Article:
Okmulgee in the News
OKMULGEE, Okla. - Anderson Indian Law firm owner and Muscogee (Creek) citizen Michael J. Anderson announced Dec. 19, that President Barrack Obama has signed a land transfer bill that will authorize the Secretary of Interior to accept approximately 18.3 acres of land in trust for the Muscogee (Creek) Nation after purchase from the Army Corps of Engineers located in Eufaula, OK. Anderson Indian Law served as the Muscogee (Creek) Nation’s legislative representative on the bill.
Congressman Markwayne Mullin (OK-2) worked the legislative process forward through the House Transportation Committee, Chairman Bud Shuster, and ultimate passage on December 8, 2016 in the Water Infrastructure Improvements for the Nation Act (WIIN)(Section 1317).
Chairman James Inhofe of the Senate Energy and Public Works Committee is also to be commended for his work in ensuring passage of this legislation through the United States Senate on December 11, 2016. Senator James Lankford also played a critical and timely role in the passage of this bill. The Oklahoma delegation rose to the challenge of supporting this important legislative priority for the Nation.
Muscogee (Creek) Nation Principal Chief James R. Floyd identified and corrected a number of deficiencies in the prior versions of the bill and along with Second Chief Louis Hicks both of who conducted a number of trips to Washington, DC to lobby for passage of the bill.
The most important correction was allowing the land to be transferred directly in trust to the Nation. The prior versions of the bill required the transfer to go through the long and cumbersome BIA land intro trust process.
The transfer of Fountainhead Army Corps land will provide future economic opportunities for the Nation and fulfills a legislative goal Chief Floyd established at the start of his Administration.
Today is a great day for the Muscogee (Creek) Nation as it continue to promote the Nation’s self-determination, land recovery and economic development. Anderson Indian Law is proud to have played a role in this landmark achievement.
The Okmulgee County TSET Healthy Living Program is proud to announce information for the upcoming, “Whole Heart Summit”. The Summit will be held on January 12th, 2017 at the First United Methodist Church’s Rowe Family Life Center. The day will begin at 8:30, and will conclude at noon. The morning will consist of several speakers from the community, such as Master of Ceremonies, Chef Aaron Ware, James Pope (CREOKS), Dr. Tracy Sanford, and Terry Perks of St. Matthew Missionary Baptist Church.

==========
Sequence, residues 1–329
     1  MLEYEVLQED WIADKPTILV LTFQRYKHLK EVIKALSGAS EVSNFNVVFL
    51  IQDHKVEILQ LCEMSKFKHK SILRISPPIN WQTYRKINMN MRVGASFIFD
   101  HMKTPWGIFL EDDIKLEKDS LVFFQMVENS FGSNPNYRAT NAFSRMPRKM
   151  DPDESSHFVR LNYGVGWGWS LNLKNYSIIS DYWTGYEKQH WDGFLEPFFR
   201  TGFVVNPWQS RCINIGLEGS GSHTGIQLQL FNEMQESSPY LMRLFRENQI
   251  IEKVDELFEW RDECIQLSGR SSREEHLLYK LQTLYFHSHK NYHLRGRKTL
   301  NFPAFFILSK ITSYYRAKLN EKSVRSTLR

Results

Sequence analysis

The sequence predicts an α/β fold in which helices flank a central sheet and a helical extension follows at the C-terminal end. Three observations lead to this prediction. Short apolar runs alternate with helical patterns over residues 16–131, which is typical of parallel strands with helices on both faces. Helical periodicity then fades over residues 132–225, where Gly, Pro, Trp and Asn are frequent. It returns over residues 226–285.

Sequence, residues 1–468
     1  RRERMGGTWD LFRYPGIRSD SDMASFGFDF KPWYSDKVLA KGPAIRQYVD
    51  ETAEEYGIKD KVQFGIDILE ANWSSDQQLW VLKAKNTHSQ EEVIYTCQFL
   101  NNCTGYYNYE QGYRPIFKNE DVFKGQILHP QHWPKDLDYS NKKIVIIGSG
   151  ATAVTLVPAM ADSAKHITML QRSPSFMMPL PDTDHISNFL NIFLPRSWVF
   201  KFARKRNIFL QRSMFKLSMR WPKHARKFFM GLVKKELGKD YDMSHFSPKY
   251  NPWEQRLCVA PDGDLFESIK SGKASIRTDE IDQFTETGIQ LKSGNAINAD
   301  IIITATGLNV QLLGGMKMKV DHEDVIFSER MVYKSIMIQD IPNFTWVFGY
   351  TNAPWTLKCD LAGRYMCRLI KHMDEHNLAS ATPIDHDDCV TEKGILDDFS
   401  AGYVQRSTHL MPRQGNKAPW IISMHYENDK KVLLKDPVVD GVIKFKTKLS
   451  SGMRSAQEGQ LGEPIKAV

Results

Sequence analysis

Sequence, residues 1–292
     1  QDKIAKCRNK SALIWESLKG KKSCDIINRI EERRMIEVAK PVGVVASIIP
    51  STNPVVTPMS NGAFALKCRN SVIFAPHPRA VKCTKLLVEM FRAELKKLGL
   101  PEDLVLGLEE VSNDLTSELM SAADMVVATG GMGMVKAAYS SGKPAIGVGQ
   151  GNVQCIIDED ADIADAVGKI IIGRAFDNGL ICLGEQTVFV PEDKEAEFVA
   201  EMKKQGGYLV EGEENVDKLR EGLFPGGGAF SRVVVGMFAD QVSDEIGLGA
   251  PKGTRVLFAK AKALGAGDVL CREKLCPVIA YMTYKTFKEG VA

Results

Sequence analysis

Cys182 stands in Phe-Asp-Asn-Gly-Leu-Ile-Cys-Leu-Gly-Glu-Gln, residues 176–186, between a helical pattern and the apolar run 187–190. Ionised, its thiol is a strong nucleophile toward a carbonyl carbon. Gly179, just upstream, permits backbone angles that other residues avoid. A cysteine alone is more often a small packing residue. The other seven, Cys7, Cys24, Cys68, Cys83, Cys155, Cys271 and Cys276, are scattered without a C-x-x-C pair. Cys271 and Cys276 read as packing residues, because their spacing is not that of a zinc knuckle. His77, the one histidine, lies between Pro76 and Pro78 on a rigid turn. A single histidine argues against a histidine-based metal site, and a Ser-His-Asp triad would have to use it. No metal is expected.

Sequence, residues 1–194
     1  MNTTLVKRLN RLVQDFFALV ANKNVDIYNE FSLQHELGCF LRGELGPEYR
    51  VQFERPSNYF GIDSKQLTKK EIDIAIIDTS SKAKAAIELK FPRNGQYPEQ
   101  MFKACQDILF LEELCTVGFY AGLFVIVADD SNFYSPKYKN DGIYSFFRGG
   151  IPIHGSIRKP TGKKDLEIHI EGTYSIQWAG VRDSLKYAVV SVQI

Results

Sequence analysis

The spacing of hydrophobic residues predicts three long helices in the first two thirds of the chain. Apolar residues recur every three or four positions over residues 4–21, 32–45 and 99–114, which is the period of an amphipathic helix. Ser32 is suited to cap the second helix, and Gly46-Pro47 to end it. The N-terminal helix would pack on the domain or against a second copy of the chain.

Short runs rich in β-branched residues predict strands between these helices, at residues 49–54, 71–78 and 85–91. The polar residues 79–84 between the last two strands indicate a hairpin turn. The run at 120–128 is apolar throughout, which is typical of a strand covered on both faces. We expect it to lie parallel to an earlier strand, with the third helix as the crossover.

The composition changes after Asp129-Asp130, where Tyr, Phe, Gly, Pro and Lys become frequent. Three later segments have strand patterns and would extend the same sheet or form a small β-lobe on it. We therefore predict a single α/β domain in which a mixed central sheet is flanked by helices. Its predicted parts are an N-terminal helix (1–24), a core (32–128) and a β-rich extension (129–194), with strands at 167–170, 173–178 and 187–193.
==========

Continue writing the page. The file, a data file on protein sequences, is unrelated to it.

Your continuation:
“We are very excited to host this summit. It will be a unique and fun experience for all. Our team is working to create an event that will give new insights and connections to resources for those who attend. The theme of the Whole Heart Summit is, “Connecting the dots between mental, physical, and spiritual health within your congregation.” While the summit will be aimed at congregation members, pastors, and group leaders, it will also prove to be beneficial to all members of our community,” said Jennifer Avery, TSET Healthy Living Program Coordinator.
Attendees are welcome from all denominations, and do not need to be a pastor to attend. Breakfast and refreshments will be served throughout the morning. Health resources from the TSET (Tobacco Settlement Endowment Trust) Healthy Living Program and the Muscogee (Creek) Nation Behavioral Health department will be available to participants. Some of the topics being discussed include mental health and social stigma, healthy means of comfort, congregational wellness success stories, and suicide prevention.